Indianapolis — Just like the Detroit Lions seemingly had a roster need at every offensive position, the team also has its share of holes on the defensive side of the ball.
We turn our attention to the defense for the second of our two-part previewing this week's scouting combine.
If you can't pressure the quarterback in the NFL, you're going to have a tough time slowing down the high-octane passing games proliferating across the league, and also struggle to force game-altering turnovers.
Fortunately, there appears to be a good number of edge rushers in this class, headlined by top-five picks Nick Bosa and Josh Allen.
Despite a decent number of sacks in 2018, pressuring the pocket was a major issue for the Lions last season. If the team doesn't pony up for a top option in free agency — say, Trey Flowers — snagging the best edge defender available remains a realistic possibility with the No. 8 pick. The team could have a choice of Michigan's Rashan Gary, Mississippi State's Montez Sweat or Clemson's Clelin Ferrell at that spot.
► Player to watch for Lions: Gary, Michigan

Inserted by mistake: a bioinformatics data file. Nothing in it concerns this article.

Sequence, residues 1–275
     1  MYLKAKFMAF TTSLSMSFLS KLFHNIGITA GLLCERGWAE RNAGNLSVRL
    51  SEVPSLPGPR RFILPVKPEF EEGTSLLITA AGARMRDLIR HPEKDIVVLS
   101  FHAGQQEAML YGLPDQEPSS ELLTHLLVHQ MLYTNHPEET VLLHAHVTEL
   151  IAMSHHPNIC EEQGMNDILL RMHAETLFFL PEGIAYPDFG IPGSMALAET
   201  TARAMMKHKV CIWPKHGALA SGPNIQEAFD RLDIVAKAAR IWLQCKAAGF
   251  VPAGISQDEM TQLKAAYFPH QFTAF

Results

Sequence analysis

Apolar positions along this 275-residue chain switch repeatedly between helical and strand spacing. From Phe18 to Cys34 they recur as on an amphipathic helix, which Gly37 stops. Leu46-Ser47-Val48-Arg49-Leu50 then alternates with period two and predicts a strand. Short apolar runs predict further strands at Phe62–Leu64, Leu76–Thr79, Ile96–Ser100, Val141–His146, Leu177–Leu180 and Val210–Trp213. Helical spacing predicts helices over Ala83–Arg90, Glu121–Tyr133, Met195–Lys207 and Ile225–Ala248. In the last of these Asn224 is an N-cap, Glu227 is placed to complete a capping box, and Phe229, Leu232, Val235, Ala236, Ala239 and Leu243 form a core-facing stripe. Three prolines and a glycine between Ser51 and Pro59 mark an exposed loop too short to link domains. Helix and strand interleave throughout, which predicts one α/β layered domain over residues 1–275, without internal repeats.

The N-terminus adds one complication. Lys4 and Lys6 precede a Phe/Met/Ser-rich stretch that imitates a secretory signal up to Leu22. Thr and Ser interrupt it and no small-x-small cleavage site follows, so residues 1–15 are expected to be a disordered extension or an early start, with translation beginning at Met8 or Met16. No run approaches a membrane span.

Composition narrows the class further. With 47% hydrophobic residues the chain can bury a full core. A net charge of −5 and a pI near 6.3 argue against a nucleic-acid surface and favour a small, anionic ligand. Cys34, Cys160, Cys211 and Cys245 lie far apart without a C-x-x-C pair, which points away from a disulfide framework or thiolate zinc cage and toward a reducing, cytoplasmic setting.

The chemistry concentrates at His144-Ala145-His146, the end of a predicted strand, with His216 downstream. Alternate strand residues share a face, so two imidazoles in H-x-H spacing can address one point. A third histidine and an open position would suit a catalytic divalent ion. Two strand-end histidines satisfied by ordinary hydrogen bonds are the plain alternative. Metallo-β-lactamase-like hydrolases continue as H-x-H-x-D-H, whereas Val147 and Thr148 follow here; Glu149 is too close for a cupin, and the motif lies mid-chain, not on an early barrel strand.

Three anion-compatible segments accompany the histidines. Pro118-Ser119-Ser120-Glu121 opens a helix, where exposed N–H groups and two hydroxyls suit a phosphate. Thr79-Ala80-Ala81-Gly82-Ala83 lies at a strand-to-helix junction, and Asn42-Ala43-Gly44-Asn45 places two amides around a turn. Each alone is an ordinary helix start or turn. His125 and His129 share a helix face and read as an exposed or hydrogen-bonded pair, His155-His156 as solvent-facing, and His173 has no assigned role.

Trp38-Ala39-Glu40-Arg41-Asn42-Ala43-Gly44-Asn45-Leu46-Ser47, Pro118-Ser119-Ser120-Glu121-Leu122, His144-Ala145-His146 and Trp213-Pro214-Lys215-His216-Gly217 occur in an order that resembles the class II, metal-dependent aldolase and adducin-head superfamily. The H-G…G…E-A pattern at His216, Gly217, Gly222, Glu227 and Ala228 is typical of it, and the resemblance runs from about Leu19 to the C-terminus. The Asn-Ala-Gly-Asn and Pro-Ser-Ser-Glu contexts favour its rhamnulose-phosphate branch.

A five-star recruit, people long have marveled at Gary's athleticism. It should be exciting to see him be able to put that on full display at the combine. Given the right scheme and coaching, there's a huge ceiling for that combination of speed, strength and size.
Interior defensive line
If the Lions have a strength heading into next season, this is it. Damon Harrison is a dominant run-stopping nose in the middle, and he's well supported by a pair of former Alabama standouts, A'Shawn Robinson and Da'Shawn Hand.
It's a shame, in a way, since this year's interior lineman class is stacked with potential contributors in the early rounds. They come in all shapes and sizes, from the undersized but explosive Ed Oliver to the Harrison-esque, run-stopping behemoth Dexter Lawrence.
If the Lions don't re-sign veteran Ricky Jean Francois, the team will have a need to round out the rotation. And if there's any concern they can't re-sign Robinson, who will be a free agent next offseason, it wouldn't hurt to spend an earlier pick on the spot.